How long did you work on it, all told, and how much did it cost?
“It took about a year to make, and cost about $125,000.
“This kind of film can be made cheaply. If one could only convince the industry that you can get your money back, that it’s a profitable enterprise…. We used a very small crew – a cameraman, an assistant cameraman, a sound engineer, a chauffeur who was also an electrician. I had an assistant, too, because I’m getting old.”
Can you go back to the beginning, and recap how the film began in your mind – and how it finally managed to get shown?
“The idea came while I was still working for French television. My production unit had done a three-and-a-half-hour documentary, broadcast on two different evenings, about the Munich Agreement, and it was very successful. After that, we thought we would go on to deal with the Occupation. But then came the 1968 strike, and we were out on our ears. I went to work for German television, and about six months later I started the film.
“‘The Sorrow and the Pity’ was shown in Germany in the fall of 1969, and got fantastic reviews, and then we tried to sell it to the ORTF. Papers and magazines in Paris ran leading articles saying this was a film that must be shown, that if ever French television had a duty to perform, this was it. But the ORTF refused even to consider it. The director-general who was just fired, Jean-Jacques De Bresson, argued that it was a ‘German’ film, which of course was ridiculous. I am a Frenchman, even if I’m a naturalized one.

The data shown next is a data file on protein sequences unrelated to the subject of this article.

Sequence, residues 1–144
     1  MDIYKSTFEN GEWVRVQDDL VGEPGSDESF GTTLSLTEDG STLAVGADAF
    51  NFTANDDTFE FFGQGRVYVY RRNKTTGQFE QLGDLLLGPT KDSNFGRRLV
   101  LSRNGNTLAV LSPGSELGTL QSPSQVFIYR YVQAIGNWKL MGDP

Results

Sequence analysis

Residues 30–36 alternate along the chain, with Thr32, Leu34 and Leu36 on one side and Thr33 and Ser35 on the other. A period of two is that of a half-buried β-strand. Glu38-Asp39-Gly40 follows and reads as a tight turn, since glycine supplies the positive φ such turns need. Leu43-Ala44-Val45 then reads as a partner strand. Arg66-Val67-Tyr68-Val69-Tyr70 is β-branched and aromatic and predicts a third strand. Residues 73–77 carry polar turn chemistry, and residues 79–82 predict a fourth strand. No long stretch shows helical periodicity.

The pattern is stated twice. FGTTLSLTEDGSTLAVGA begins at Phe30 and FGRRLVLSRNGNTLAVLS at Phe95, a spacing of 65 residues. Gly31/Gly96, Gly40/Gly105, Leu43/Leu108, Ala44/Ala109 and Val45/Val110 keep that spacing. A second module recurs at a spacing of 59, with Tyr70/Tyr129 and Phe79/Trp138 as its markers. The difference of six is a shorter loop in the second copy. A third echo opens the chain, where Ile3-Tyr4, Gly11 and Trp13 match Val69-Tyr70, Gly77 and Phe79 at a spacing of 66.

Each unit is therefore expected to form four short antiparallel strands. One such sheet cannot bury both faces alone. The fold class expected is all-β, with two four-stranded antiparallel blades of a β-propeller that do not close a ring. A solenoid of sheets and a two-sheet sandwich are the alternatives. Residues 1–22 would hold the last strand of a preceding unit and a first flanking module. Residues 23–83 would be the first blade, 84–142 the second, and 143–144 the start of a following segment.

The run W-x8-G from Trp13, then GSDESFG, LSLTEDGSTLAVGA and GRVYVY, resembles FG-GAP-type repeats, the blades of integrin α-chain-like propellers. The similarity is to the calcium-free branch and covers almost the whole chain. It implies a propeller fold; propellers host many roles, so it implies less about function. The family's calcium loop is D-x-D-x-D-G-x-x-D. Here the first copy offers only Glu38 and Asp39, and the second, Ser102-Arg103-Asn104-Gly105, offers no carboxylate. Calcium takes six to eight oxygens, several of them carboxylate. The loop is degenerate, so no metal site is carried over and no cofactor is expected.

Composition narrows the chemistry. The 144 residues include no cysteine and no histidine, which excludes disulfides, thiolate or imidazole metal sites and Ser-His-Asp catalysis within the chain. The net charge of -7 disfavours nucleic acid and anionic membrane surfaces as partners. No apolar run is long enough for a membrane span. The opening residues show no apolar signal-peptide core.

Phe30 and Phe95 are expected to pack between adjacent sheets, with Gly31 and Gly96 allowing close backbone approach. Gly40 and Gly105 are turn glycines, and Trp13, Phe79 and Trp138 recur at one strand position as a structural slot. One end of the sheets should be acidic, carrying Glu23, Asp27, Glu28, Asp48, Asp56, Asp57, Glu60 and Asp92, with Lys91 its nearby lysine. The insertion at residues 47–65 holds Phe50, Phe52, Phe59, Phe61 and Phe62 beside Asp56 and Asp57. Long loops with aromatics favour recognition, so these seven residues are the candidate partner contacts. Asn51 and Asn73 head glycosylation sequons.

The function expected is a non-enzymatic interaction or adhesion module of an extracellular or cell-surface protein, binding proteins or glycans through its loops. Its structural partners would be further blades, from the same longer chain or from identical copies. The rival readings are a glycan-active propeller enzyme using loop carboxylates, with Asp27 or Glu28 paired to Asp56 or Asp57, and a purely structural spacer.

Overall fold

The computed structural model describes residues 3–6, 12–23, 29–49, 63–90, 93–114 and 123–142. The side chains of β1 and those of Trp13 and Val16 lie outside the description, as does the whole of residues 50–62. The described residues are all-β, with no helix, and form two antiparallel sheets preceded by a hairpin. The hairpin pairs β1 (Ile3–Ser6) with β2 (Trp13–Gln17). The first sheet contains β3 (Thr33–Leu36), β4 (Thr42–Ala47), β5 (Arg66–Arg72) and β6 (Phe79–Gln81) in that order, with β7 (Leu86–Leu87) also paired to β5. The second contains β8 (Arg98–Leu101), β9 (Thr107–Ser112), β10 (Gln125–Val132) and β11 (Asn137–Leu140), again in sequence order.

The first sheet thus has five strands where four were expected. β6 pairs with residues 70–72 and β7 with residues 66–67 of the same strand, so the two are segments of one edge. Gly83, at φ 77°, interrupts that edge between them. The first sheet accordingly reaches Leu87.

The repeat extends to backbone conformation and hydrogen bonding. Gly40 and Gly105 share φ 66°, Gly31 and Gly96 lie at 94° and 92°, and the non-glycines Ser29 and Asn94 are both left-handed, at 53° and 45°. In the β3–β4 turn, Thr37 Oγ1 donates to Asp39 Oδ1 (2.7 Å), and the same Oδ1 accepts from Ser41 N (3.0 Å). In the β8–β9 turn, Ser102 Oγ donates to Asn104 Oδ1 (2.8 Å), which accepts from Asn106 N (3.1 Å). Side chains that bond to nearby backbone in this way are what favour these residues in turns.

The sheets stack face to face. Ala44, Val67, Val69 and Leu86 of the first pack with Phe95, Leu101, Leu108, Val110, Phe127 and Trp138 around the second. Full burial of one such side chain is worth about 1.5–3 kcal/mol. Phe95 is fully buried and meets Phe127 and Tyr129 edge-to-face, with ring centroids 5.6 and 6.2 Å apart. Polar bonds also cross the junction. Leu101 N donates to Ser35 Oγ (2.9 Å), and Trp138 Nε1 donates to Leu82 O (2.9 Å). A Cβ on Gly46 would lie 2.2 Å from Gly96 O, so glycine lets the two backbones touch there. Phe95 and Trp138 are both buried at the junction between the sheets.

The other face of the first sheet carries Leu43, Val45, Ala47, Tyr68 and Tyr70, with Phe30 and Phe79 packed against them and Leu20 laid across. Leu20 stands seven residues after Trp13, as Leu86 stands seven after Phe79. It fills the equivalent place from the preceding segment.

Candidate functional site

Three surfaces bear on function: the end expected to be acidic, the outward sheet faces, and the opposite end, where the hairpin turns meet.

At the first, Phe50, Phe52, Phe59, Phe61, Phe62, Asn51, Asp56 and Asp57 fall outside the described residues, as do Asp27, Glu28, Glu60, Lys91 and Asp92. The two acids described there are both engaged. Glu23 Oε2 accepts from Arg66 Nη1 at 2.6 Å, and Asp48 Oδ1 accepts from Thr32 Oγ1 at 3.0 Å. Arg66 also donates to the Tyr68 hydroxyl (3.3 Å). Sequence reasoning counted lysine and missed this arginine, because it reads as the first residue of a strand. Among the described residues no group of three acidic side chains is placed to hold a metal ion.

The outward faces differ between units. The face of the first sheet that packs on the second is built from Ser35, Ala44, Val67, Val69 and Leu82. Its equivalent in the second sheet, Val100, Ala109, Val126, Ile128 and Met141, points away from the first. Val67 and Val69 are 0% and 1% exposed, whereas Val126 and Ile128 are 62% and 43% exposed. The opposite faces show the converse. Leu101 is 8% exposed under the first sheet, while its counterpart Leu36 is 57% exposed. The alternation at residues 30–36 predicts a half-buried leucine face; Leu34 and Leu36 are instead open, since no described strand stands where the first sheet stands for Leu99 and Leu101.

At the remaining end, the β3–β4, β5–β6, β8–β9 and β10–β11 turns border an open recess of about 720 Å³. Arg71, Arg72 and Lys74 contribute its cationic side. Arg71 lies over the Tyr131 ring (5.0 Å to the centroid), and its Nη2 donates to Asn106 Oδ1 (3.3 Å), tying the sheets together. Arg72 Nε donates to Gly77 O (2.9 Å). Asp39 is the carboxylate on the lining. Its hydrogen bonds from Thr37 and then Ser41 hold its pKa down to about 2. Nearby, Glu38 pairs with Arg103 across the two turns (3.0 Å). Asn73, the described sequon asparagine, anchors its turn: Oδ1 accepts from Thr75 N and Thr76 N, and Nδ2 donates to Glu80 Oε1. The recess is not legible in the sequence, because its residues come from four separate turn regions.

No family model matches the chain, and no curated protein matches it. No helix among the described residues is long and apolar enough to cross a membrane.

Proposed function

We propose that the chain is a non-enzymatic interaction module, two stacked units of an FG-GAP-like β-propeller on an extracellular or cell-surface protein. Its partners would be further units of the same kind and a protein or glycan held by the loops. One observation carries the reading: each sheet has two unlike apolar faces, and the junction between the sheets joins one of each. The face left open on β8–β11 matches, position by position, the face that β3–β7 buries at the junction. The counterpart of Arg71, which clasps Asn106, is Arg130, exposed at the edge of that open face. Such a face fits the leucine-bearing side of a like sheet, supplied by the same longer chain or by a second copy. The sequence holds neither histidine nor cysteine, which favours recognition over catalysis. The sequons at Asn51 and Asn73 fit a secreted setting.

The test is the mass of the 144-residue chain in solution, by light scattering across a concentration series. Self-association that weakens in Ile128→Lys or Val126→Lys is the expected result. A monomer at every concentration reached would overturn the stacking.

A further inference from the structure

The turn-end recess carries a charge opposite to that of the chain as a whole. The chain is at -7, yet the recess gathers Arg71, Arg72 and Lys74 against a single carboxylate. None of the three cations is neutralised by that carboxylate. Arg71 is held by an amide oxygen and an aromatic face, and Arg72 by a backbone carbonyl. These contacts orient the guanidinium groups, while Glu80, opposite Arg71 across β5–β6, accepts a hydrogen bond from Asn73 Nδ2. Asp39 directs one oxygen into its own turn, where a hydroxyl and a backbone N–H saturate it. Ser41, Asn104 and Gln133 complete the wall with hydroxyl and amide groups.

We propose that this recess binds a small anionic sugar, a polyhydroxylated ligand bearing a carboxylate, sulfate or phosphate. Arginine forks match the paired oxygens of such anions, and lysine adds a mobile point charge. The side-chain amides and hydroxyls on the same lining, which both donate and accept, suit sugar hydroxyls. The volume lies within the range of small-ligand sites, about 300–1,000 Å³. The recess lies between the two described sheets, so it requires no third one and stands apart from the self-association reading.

“When it seemed we had come to a stalemate, the producers lost interest, and I asked them to show it to some film critics like Truffaut, who is a friend of mine, thinking maybe we could bring it out as a motion picture. Truffaut was very influential in contacting a few important people in Paris, and eventually Louis Malle, the director, who has a small distribution firm and owns a couple of small movie theaters on the Left Bank, agreed to book it. Malle said, ‘Look, if you can get it past the censors – and I don’t have to spend any money on it, because it probably won’t go very far – and if we can show just the 16 mm. version, we’ll run it for a few weeks and see how it does.